Among the 23 recruited TBM patients, 12 patients met the criteria for a definite TBM diagnosis based on the classification criteria of TBM (Marais et al., 2010) and evidence of MTB pathogens from at least one of AFB, PCR, culture and Xpert MTB/RIF tests in the CSF samples. Six patients were regarded as probable and five patients as possible TBM as scored in the Supplementary Table S1, and all of these 11 patients responded well to anti-TBM treatment both in clinical and CSF manifestations. As indicated in Table 1, the patients aged from 3 to 73 years with a mean age of 37 years. The symptom duration before admission was 3–150 days. The common neurological manifestations of these patients were headache, epilepsy, delirium, and unconsciousness. Most patients also presented with systemic symptoms such as fever, weight loss, and vomiting. Elevated pressure, increased counts of white cells, low glucose and high protein concentrations in CSF were common findings. Meningeal enhancement (16/23, 69.56%) was the most common cerebral imaging feature of the patients, as shown for example in Figure 1. More than fifty percent of cases (13/23) had evidence of tuberculosis elsewhere by images. None of the patients had received anti-tuberculosis treatment before admission.
Figure 1. Magnetic resonance imaging images of selected TBM cases. Basicranial meningeal enhancement (arrow) and tuberculoma (arrowhead) in case 4 (A,B). Basicranial meningeal enhancement (arrow) and lateral ventricular drainage tract (arrowhead) in case 5 (C,D). Miliary tuberculous foci (arrow) in case 5 (E,F). Infarction focus (arrow, G), meningeal enhancement (arrow, H) and enlarged third ventricle of cerebrum (arrowhead, H) in case 6.
As the mNGS controls, we recruited five patients (No. 24–28) with other infectious meningitis and one patient with auto-immune encephalitis (No. 29). These patients had taken both mNGS and conventional tests. The clinical information of TBM patients and controls were summarized in Table 1.
Identification of Mycobacterial DNA in CSF Samples by mNGS
Among the 23 TBM cases, stringently mapped reads to MBTC were detected by mNGS in 18 CSF samples (18/23, 78.26%). The number of reads aligned to MBTC were listed in the Table 2. In addition, all stringently mapped reads to MBTC were further validated by BLAST searching in NT database on NCBI online website. The identity of alignment to MBTC was more than 90% in all cases with mNGS positive detection.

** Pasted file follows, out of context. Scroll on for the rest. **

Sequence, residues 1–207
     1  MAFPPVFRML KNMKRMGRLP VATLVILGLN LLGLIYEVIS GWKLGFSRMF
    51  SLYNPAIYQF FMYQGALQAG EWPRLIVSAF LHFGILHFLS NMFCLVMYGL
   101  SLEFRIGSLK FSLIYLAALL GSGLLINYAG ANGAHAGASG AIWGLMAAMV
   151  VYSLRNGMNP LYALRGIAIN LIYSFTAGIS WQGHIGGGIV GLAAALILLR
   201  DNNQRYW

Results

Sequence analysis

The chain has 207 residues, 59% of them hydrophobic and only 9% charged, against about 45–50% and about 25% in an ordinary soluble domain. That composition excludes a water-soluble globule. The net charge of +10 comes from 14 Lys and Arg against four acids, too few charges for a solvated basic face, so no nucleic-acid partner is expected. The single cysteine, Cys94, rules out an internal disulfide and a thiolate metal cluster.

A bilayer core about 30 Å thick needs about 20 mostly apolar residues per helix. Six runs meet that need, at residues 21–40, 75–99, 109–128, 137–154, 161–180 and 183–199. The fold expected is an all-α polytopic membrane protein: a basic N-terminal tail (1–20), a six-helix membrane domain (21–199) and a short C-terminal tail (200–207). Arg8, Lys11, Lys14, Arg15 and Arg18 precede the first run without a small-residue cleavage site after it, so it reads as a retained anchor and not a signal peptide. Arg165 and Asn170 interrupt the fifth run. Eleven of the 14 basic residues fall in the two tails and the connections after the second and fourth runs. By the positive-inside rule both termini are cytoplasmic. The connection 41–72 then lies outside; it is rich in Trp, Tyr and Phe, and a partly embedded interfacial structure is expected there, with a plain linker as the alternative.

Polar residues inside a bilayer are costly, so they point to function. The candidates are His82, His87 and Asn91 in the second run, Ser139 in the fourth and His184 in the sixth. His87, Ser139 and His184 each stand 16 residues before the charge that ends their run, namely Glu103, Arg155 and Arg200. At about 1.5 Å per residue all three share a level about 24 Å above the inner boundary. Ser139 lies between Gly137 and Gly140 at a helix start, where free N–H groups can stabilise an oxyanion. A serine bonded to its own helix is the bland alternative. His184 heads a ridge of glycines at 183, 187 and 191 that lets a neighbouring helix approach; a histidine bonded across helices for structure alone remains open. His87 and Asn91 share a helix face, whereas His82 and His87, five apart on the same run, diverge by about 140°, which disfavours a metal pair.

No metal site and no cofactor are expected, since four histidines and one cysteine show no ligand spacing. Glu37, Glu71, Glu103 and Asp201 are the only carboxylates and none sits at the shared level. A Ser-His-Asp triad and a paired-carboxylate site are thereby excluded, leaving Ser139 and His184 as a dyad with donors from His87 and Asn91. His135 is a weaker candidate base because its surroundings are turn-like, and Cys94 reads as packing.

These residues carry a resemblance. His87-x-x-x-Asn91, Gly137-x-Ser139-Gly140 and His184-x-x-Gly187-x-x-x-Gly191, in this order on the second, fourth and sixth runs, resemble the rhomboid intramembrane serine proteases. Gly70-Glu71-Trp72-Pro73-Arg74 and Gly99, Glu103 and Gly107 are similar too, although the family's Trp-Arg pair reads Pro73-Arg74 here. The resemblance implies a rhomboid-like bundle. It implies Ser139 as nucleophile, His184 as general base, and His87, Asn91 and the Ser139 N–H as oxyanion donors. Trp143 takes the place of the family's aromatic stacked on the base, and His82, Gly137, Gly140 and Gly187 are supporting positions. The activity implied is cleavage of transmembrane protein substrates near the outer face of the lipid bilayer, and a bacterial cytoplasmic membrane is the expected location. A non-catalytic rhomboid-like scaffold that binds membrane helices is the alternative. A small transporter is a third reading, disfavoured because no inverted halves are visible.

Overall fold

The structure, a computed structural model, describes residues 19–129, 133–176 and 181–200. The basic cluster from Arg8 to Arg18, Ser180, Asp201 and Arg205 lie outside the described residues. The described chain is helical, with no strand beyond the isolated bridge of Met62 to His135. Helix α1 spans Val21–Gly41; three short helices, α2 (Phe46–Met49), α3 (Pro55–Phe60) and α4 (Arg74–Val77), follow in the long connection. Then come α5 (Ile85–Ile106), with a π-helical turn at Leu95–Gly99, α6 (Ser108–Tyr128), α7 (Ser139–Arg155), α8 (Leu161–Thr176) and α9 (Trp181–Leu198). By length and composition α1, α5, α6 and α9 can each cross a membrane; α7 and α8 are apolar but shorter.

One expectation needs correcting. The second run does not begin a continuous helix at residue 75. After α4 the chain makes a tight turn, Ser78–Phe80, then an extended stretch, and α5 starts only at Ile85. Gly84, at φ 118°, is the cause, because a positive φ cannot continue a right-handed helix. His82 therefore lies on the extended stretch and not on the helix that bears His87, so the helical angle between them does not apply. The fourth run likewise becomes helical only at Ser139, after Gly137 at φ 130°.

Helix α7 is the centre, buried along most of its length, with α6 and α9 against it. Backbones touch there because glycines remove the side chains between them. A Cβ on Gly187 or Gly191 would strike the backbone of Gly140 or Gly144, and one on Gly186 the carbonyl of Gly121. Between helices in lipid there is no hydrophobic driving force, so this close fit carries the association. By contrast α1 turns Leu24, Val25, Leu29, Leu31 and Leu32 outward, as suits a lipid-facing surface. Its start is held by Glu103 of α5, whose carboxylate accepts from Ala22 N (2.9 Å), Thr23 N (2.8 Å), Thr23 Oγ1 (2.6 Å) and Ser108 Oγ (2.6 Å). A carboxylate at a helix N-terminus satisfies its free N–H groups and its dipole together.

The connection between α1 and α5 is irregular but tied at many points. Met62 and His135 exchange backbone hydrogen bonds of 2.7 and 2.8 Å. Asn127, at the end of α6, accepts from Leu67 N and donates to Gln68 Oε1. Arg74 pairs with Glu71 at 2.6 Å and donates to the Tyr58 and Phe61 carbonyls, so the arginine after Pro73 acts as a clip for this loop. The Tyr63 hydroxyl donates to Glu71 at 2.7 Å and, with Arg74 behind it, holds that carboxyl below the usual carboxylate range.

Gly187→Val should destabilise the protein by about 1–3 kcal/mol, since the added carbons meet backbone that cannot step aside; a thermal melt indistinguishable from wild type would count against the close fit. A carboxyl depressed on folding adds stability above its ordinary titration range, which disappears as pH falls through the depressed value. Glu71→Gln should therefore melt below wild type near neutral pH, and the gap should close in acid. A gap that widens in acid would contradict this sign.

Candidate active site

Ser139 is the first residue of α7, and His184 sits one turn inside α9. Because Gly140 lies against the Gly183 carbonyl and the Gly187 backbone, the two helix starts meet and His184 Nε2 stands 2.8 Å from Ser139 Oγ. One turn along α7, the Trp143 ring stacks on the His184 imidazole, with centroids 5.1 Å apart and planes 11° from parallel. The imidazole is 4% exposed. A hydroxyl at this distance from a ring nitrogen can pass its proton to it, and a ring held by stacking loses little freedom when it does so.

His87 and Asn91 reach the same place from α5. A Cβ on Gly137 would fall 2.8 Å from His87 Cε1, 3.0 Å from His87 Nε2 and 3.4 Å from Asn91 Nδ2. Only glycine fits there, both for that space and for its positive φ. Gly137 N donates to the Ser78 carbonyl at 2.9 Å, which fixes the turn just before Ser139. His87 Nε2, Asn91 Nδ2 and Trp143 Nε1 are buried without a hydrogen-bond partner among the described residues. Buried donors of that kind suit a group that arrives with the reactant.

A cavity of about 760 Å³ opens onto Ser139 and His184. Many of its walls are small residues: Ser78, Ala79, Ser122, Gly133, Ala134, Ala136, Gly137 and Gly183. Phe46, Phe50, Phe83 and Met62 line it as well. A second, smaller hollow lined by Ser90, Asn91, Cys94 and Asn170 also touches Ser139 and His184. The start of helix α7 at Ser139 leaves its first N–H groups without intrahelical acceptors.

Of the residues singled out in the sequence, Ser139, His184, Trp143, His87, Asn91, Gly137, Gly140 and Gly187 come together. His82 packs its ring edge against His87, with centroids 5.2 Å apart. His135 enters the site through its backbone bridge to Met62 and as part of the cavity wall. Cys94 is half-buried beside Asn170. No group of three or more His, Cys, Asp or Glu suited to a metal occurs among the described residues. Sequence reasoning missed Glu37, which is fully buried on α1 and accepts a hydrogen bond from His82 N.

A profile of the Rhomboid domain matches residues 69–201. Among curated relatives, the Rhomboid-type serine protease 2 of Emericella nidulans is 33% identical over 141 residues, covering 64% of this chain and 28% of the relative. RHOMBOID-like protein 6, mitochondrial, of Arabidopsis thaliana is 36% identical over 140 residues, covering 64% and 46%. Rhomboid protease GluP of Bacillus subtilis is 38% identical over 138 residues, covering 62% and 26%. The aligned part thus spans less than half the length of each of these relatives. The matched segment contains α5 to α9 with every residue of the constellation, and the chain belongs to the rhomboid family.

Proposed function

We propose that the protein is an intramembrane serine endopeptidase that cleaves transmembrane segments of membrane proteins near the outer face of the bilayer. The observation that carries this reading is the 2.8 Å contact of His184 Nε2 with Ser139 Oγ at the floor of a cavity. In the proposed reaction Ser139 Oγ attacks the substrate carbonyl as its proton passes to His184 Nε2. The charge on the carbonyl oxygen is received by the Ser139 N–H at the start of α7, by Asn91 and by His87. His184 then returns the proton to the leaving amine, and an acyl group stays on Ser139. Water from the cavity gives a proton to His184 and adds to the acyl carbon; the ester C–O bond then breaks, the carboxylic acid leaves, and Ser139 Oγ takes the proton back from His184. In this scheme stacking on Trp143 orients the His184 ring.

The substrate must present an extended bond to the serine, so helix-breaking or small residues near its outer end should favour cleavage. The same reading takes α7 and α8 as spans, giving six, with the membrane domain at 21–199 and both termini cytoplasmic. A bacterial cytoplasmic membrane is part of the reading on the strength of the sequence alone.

The mNGS result of patient 10 was negative with M. tuberculosis, but positive with C. neoformans (reads, 514, coverage rate, 0.85, and depth, 1). In addition, Alcian blue staining and CrAg EIA test were both positive, confirming the diagnosis of fungal infection. However, the patient did not respond well to anti-fungal treatment and the CSF sample from the 8th lumbar puncture indicated positive AFB stain. Thus, the final diagnosis was a complicated infection of TBM and fungal meningitis.
Control cases 24 and 25 were diagnosed as cryptococcal meningitis based on positive staining of Alcian blue or India ink staining of fungi and CrAg EIA test. The mNGS test found three reads mapping to C. neoformans in patient 24 and 5330 reads to C. gattii in patient 25. A very high number of unique reads mapped to Streptococcus suis in case 26, to Streptococcus pneumoniae in case 27, and to HHV3 in case 28. Diagnosis of bacterial meningitis in case 26 or 27 was validated by the positive culture of CSF samples. PCR indicated positive of HHV3 in patient 28, conforming the diagnosis. Patient 29 was diagnosed with anti-NMDAR encephalitis based on confirmation of positive anti-NMDAR antibodies in his serum (1:1 and 1:10) and CSF (1:1), as indicated in the Supplementary Figure S1. No sequence mapping to any pathogen was identified by mNGS in the CSF of the patient. No sequence of MBTC was identified in any control sample, thus, the specificity of mNGS to detect MBTC in this study was 100%.